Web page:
We've been here in Maule Lake now for five nights, and we'll be here at least one and maybe two more. Things were incredibly busy and stressful up until we returned from dropping the car off, and in the last two days of "down" time, I've been catching up on another project that must be complete before we head offshore, switching my Google Voice number away from Sprint and moving my cell service to T-Mobile.

T-Mobile works much better than Sprint internationally, with service in many countries including the Bahamas and much of the Caribbean included in the plan. It also works better domestically, and now that I qualify for the 55-and-over unlimited plan it's also a better deal than my grandfathered unlimited Sprint plan.

My Google Voice and Sprint phone numbers are one and the same. When we last went to the Bahamas, even though Sprint does not work there, I missed no calls or text messages because I got them through Google Voice. I can't do the same trick with my T-Mobile number so instead I am "porting" my number, which Sprint actually owns, to Google Voice, and my calls will be forwarded to T-Mobile.

Of course, you can't just move a phone between carriers, either, and so while in Fort Lauderdale I bought a spiffy new pre-owned T-Mobile phone and signed it up for service at a T-Mobile office. I've spent the past couple of days rooting it, loading apps, configuring them, and transferring data. A tedious process to be sure. It's all ready to go and last night I divorced Google Voice from Sprint and fired off an order to port the number. That should happen sometime in the next day or two. If you have my number, nothing should change, I'll just be making and receiving all my calls and texts through Google Voice.

Update: Angel is back home!

I was still typing here this morning when we made the decision to head ashore, even before the vet called, to get a bagel and be ready to pick up the rental car I had booked for this morning in a fit of optimism. We enjoyed our bagels and did some shopping while we waited for the vet to call. Our 10am car reservation came and went.

Finally around 11:30 we heard the good news that Angel was eating and drinking on her own and that it was our option to pick her up today or have them hold her one more night. We chose the former, and called a Lyft over to Enterprise where the same clerk was again alone, swamped, and without a driver for pickups. She took the Lyft fee off our rental price.

It was something of a slog back up to Hollywood. After dropping her off there, we had seriously considered moving the boat back up to the Hollywood Lakes anchorage, but it turns out that getting ashore and renting a car there is not really any easier, and we'd make a ten-mile round trip in the boat, a three-hour process, to save ourselves twenty minutes in a rental car.

We had a long wait at the vet's, but eventually we got Angel out of her personal hell. We left the office with a box full of supplies, including five liters of lactated Ringers, injectable anti-nausea meds with a dozen hypodermics, and appetite stimulants to be administered orally. She looked a bit shaky, still, but much better than when we dropped her off.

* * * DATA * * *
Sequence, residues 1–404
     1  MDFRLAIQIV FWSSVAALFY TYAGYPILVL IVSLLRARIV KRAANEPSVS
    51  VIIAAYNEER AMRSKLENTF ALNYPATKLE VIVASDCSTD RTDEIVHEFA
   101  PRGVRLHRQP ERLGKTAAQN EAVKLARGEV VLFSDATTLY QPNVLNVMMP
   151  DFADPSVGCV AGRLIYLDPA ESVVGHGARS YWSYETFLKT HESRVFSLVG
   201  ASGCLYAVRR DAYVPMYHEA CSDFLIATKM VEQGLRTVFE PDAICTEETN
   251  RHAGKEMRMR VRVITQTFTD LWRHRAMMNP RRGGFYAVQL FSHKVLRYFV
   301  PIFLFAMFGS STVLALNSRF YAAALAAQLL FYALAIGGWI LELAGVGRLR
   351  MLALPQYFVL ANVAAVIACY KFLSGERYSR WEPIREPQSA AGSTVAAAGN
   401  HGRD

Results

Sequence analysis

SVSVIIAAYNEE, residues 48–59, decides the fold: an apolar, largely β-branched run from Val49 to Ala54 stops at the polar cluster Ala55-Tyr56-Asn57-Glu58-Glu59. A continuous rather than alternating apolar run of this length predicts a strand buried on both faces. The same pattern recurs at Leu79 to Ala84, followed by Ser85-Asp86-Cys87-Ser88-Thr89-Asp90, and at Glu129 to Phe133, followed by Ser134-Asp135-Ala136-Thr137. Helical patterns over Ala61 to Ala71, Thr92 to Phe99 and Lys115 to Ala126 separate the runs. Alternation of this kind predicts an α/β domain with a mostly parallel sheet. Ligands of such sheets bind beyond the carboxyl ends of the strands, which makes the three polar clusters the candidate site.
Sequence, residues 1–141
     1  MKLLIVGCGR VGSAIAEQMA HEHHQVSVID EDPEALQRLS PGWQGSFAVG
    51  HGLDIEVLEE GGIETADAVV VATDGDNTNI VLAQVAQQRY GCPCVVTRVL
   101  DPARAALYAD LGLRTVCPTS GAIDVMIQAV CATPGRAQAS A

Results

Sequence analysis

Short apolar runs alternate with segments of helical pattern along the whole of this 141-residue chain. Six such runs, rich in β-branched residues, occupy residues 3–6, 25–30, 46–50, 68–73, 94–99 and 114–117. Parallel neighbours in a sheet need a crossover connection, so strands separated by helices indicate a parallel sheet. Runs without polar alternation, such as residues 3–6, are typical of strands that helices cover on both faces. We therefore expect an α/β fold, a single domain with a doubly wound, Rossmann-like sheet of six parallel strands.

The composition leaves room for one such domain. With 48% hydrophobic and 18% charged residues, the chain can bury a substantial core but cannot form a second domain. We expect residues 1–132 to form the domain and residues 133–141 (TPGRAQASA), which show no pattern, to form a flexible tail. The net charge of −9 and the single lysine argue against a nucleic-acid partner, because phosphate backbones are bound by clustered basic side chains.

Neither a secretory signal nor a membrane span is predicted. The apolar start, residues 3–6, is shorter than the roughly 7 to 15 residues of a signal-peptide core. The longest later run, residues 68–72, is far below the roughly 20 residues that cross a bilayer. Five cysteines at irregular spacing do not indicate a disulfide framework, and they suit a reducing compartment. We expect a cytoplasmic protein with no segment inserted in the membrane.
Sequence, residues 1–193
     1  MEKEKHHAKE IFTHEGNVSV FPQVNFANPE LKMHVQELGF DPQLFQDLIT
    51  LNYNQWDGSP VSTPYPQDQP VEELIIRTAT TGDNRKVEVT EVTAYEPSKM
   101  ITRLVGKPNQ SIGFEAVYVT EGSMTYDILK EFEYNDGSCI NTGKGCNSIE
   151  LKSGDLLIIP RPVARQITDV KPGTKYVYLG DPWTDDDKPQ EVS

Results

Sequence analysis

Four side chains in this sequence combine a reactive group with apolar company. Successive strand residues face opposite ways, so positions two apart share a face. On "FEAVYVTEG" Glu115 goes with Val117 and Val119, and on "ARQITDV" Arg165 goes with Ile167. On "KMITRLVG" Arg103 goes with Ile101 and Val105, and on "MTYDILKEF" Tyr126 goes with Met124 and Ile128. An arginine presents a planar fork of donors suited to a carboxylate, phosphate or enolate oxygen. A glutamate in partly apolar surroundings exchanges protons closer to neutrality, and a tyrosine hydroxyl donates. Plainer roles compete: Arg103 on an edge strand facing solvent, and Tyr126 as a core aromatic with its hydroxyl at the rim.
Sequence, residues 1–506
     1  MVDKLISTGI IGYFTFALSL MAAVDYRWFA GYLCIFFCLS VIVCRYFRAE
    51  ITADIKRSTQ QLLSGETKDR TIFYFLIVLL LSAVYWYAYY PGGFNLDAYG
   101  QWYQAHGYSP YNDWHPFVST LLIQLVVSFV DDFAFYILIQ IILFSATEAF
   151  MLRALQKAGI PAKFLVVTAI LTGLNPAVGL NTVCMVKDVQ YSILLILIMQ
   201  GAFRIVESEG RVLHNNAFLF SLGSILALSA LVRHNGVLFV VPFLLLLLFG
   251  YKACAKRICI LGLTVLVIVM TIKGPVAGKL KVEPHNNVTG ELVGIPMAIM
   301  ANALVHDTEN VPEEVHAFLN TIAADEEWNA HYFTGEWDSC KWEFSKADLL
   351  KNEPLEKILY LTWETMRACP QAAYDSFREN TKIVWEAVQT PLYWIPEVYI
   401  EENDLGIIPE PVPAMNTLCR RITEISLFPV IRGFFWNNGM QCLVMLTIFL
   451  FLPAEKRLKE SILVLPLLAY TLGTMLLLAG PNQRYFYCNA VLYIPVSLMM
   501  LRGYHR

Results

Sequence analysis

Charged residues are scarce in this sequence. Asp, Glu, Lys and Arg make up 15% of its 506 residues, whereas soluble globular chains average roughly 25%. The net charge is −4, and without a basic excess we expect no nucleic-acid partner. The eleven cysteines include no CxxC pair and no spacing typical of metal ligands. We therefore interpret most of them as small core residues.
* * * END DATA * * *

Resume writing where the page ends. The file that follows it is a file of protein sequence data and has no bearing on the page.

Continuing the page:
On the way home we stopped at Walmart, the stop I had to forego with the last rental car, to pick up some needed items including a pair of mask-and-snorkel sets to replace the ancient ones that are disintegrating, and some additional items for the scooter to replace the ones that were stolen. We arrived back at the tender at an extremely low tide, and it was quite the challenge loading everything for the ride home.

Angel spent the first half hour sniffing everything in the saloon to make sure she was really home, then spent an hour or so next to Louise absorbing love through osmosis (she has never been a lap cat) before finally retiring to her "cube" where she is currently cashed out. It's exhausting being in the hospital.

Tonight we have to give her her first bolus of sub-cu fluids, and we're hoping that in a week or so she will be back to drinking well on her own. She is by no means out of the woods yet, and recovery is not a slam-dunk, but we are hopeful and holding positive thoughts.

Tomorrow we will return the car we had to rent for today's excursion, then deck the tender and head back out of the lake for Miami. I'm hoping to catch the "tech day" at the Miami Boat Show on Thursday, if we can get anywhere near the place, to talk to PC chartplotting software vendors. Our current system simply can not get good charts for most of the Caribbean or even, really, the Bahamas, and it's time to switch to something with more chart options.

Our final sunset over Maule Lake, from the aft deck.

Reluctant to leave her alone for a while, tonight we're eating aboard. We had a nice sunset on the aft deck, accompanied by the clamor of a drum fish. The drum fish have been serenading us off and on since we arrived, and it took us a few minutes to rule out something mechanical going haywire on the boat when we first started hearing it. We've heard them before, but it's been a while, and everything making noise underwater gets amplified on a steel boat.

With any luck we'll be in Miami or Miami Beach when next you hear from me.